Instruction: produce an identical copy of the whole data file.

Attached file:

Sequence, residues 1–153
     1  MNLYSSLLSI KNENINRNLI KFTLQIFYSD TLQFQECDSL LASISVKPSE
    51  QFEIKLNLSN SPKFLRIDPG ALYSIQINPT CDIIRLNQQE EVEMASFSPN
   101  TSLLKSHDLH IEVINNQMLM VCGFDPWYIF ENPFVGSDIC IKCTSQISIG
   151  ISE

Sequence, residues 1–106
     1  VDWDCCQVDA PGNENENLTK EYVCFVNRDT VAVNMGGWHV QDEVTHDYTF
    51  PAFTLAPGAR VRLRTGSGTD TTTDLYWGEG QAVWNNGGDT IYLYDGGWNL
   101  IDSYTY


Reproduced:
Sequence, residues 1–153
     1  MNLYSSLLSI KNENINRNLI KFTLQIFYSD TLQFQECDSL LASISVKPSE
    51  QFEIKLNLSN SPKFLRIDPG ALYSIQINPT CDIIRLNQQE EVEMASFSPN
   101  TSLLKSHDLH IEVINNQMLM VCGFDPWYIF ENPFVGSDIC IKCTSQISIG
   151  ISE

Sequence, residues 1–106
     1  VDWDCCQVDA PGNENENLTK EYVCFVNRDT VAVNMGGWHV QDEVTHDYTF
    51  PAFTLAPGAR VRLRTGSGTD TTTDLYWGEG QAVWNNGGDT IYLYDGGWNL
   101  IDSYTY